Views: 9 Author: Site Editor Publish Time: 2022-10-08 Origin: Site
Beer always contains some form of phenols (phenols and polyphenols, etc.), such as tannins (directly derived from hops and malt). Although low levels of polyphenols can increase the taste of beer, high levels of polyphenols can cause dryness and astringency.
When beer glasses are described as phenols, they usually refer to volatile phenols. Volatile phenols have low flavor and aroma thresholds, and most people can taste and smell them at very low concentrations (sometimes less than one part per billion). Although volatile phenols are generally undesirable, some of them are sought after in certain types of beer.
What Are Phenols?
Phenols represent a large group of compounds, and their flavor and aroma are usually described as clove, medicinal, smoky or “band-aid”, so they are considered peculiar in most beer styles. But in other beer styles, it will be considered an iconic beer flavor. Chemically speaking, phenolic compounds refer to containing hydroxyl (-OH) and a hydrogen and carbon molecular ring (aromatic hydrocarbon ring). There are many types of these compounds in nature, and they produce many well-known flavors and aromas:
Capsaicin gives chiles their fiery bite
Carvacrol is responsible for oregano’s pungency
Eugenol is found in cloves, nutmeg, cinnamon, and vanilla
Guaiacol is the smoky essence in whiskey and roasted coffee
Methyl salicylate smells and tastes just like wintergreen
Raspberry ketone smells like raspberries
Thymol is what gives thyme its distinctive aroma
What Phenols Are Contained In Beer?
At present, researchers have identified 67 alkaline phenols and hundreds of phenolic compounds in beer. Most of these phenols can be classified as polyphenols, which are complex chains formed by simple phenol structural units. These macromolecular phenols can bring smoky, pungent and sour taste to beer, but their main function is astringency and bitterness (rather than the ideal “clean” bitterness added by the phenolic compounds in hop resin). Lignin and tannin are well-known examples of polyphenol compounds. If you accidentally increase their content, they will greatly change the characteristics of beer, not only affect the flavor of the beer, but also affect its transparency, and even affect its shelf life.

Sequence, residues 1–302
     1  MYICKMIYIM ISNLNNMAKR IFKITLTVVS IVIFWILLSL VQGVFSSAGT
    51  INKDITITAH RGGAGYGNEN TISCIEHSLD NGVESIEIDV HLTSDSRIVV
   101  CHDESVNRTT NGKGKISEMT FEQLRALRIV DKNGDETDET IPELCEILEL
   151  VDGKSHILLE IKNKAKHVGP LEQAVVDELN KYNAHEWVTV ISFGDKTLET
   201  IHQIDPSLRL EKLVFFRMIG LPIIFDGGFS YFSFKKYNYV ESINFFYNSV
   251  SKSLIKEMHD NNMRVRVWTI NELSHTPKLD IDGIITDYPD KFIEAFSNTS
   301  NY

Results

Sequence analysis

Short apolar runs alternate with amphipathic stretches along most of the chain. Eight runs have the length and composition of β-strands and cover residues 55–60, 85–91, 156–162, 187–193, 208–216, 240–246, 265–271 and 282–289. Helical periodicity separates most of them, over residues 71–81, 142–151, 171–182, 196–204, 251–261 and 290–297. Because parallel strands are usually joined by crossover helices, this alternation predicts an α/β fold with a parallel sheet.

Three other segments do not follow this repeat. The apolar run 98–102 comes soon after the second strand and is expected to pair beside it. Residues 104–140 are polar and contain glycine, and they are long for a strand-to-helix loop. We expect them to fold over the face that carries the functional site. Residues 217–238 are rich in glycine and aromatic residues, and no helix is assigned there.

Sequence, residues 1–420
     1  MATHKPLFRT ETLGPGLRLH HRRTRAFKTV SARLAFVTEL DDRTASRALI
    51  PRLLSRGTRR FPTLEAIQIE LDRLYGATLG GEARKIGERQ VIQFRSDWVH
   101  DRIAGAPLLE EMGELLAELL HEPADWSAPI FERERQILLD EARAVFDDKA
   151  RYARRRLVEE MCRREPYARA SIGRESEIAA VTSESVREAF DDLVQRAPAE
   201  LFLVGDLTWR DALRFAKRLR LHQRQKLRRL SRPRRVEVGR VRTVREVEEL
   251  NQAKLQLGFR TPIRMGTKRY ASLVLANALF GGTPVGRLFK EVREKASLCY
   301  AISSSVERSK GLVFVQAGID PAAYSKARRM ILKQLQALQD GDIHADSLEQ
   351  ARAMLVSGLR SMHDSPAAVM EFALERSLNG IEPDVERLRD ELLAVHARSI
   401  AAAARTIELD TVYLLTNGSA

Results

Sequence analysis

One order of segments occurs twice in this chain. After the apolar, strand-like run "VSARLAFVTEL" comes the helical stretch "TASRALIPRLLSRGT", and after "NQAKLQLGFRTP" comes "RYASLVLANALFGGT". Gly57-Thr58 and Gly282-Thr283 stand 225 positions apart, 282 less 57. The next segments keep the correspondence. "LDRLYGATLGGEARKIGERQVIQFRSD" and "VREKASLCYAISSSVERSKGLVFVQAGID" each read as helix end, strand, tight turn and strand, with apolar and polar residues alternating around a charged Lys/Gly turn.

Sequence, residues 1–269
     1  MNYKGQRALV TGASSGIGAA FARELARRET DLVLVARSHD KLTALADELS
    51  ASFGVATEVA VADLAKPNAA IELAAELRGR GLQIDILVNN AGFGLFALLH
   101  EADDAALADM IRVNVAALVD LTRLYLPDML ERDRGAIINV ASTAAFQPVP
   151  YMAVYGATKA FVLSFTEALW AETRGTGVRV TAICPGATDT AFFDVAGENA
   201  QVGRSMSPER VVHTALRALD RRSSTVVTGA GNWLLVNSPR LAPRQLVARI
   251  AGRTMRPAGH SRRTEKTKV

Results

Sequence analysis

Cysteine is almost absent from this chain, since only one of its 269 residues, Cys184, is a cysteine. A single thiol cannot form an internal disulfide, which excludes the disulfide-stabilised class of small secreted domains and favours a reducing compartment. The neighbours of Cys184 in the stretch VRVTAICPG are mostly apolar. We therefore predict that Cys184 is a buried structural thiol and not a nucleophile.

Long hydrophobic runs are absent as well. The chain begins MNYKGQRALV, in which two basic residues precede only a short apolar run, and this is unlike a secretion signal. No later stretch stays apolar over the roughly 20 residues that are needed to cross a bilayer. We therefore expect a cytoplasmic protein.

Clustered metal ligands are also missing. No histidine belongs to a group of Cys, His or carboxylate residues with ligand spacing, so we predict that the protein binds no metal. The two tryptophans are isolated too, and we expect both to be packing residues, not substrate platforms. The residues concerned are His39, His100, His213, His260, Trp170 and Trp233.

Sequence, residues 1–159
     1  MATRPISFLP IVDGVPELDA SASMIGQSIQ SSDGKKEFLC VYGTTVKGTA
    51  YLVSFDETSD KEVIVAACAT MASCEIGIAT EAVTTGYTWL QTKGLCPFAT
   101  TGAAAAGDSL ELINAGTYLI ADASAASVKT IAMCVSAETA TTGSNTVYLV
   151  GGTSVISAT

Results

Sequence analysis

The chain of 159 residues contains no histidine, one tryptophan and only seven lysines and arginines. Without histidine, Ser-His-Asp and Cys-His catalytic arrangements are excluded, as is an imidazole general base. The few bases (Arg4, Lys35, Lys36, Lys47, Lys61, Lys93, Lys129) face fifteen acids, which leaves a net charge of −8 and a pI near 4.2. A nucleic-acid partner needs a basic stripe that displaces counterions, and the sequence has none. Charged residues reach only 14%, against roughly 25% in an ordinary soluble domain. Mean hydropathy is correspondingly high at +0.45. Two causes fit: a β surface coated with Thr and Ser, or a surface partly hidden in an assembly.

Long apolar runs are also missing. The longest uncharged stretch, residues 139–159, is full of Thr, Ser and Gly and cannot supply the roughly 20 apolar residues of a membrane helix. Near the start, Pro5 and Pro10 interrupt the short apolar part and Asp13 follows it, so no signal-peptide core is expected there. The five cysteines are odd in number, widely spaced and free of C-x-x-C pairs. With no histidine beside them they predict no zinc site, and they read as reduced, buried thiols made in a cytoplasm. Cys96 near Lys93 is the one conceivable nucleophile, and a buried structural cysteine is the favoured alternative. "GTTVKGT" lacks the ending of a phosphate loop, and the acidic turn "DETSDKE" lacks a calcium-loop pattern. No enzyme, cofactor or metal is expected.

The remaining 10–20% of phenolic compounds can be grouped as monophenols and flavanoids. Monophenols, despite their simple-sounding name, do not exist freely in plants, but instead often bind to particular sugars. Ferulic acid, for example, can form compounds that give estery, clovey notes to Weizens. Monophenols contribute a larger range of flavors, which in small quantities can contribute subtly to a beer’s flavor balance.
Flavonoids, although also called bisphenols, are actually thought to be formed from a single monophenol through a series of complex reactions. Flavanols and catechins are examples of flavonoids that play a role in brewing. Like the monophenols, these molecules generally bind to sugars, but these flavanoid–sugar bonds (ether bonds) break under very different conditions in the brewing process.
Although phenolic compounds can directly affect the flavor characteristics of beer in both positive and negative ways, it is their role in the brewing process that actively participates in oxidation and reduction reactions that make them more interesting.
Where Do The Phenols In Beer Come From?
In most beer, about 75% of beer phenols come from malt, and the remaining 25% comes from hops. Of all the phenolic compounds in beer, only about 10-20% are monophenols and flavonoids, and the rest are polyphenols.